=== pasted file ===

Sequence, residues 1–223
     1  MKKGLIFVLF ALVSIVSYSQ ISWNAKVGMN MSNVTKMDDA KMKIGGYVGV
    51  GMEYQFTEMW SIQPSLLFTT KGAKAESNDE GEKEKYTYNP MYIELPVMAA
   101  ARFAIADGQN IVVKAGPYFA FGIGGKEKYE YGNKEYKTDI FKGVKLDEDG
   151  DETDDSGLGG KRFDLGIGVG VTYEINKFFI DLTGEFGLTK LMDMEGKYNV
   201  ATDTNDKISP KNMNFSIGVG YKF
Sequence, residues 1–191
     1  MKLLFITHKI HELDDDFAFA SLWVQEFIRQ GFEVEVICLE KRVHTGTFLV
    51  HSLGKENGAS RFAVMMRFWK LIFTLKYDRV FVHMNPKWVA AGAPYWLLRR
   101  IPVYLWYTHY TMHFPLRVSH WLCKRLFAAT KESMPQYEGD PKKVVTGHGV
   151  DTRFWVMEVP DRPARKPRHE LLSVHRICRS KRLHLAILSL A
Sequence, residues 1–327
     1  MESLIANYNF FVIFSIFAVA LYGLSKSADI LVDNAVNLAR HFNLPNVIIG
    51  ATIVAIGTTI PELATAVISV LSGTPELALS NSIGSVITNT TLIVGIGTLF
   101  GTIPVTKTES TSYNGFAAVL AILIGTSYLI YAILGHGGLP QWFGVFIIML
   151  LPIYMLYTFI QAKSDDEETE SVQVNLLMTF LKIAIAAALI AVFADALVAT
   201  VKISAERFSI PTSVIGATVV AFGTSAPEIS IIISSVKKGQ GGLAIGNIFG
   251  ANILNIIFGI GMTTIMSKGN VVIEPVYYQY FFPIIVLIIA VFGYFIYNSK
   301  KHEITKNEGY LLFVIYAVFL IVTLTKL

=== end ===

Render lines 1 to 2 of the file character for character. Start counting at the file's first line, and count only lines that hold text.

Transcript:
Sequence, residues 1–223
     1  MKKGLIFVLF ALVSIVSYSQ ISWNAKVGMN MSNVTKMDDA KMKIGGYVGV